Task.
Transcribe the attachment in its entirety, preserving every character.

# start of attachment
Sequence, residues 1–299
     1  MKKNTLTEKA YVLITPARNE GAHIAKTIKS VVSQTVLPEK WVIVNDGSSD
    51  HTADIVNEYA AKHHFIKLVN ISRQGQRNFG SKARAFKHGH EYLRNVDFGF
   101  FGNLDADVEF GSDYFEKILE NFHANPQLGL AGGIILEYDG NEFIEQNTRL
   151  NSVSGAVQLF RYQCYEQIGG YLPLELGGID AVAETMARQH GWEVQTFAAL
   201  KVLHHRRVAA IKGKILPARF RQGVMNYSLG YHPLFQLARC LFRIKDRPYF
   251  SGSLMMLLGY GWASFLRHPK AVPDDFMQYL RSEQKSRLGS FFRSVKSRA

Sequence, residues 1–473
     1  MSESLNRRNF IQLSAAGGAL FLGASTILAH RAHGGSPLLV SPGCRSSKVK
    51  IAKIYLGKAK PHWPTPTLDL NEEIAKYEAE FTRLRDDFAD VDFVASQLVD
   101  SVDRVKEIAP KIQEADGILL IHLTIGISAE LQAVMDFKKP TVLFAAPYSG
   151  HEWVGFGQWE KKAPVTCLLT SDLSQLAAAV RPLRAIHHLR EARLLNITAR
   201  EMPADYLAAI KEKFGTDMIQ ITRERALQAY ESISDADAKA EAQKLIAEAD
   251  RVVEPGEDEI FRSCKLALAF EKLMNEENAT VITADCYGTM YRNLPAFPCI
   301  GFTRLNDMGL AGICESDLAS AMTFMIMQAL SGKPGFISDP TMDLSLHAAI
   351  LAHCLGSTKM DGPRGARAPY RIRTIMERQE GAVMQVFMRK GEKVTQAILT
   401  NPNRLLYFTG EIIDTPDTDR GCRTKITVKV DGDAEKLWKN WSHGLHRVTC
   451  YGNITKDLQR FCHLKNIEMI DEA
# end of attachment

Sequence, residues 1–299
     1  MKKNTLTEKA YVLITPARNE GAHIAKTIKS VVSQTVLPEK WVIVNDGSSD
    51  HTADIVNEYA AKHHFIKLVN ISRQGQRNFG SKARAFKHGH EYLRNVDFGF
   101  FGNLDADVEF GSDYFEKILE NFHANPQLGL AGGIILEYDG NEFIEQNTRL
   151  NSVSGAVQLF RYQCYEQIGG YLPLELGGID AVAETMARQH GWEVQTFAAL
   201  KVLHHRRVAA IKGKILPARF RQGVMNYSLG YHPLFQLARC LFRIKDRPYF
   251  SGSLMMLLGY GWASFLRHPK AVPDDFMQYL RSEQKSRLGS FFRSVKSRA

Sequence, residues 1–473
     1  MSESLNRRNF IQLSAAGGAL FLGASTILAH RAHGGSPLLV SPGCRSSKVK
    51  IAKIYLGKAK PHWPTPTLDL NEEIAKYEAE FTRLRDDFAD VDFVASQLVD
   101  SVDRVKEIAP KIQEADGILL IHLTIGISAE LQAVMDFKKP TVLFAAPYSG
   151  HEWVGFGQWE KKAPVTCLLT SDLSQLAAAV RPLRAIHHLR EARLLNITAR
   201  EMPADYLAAI KEKFGTDMIQ ITRERALQAY ESISDADAKA EAQKLIAEAD
   251  RVVEPGEDEI FRSCKLALAF EKLMNEENAT VITADCYGTM YRNLPAFPCI
   301  GFTRLNDMGL AGICESDLAS AMTFMIMQAL SGKPGFISDP TMDLSLHAAI
   351  LAHCLGSTKM DGPRGARAPY RIRTIMERQE GAVMQVFMRK GEKVTQAILT
   401  NPNRLLYFTG EIIDTPDTDR GCRTKITVKV DGDAEKLWKN WSHGLHRVTC
   451  YGNITKDLQR FCHLKNIEMI DEA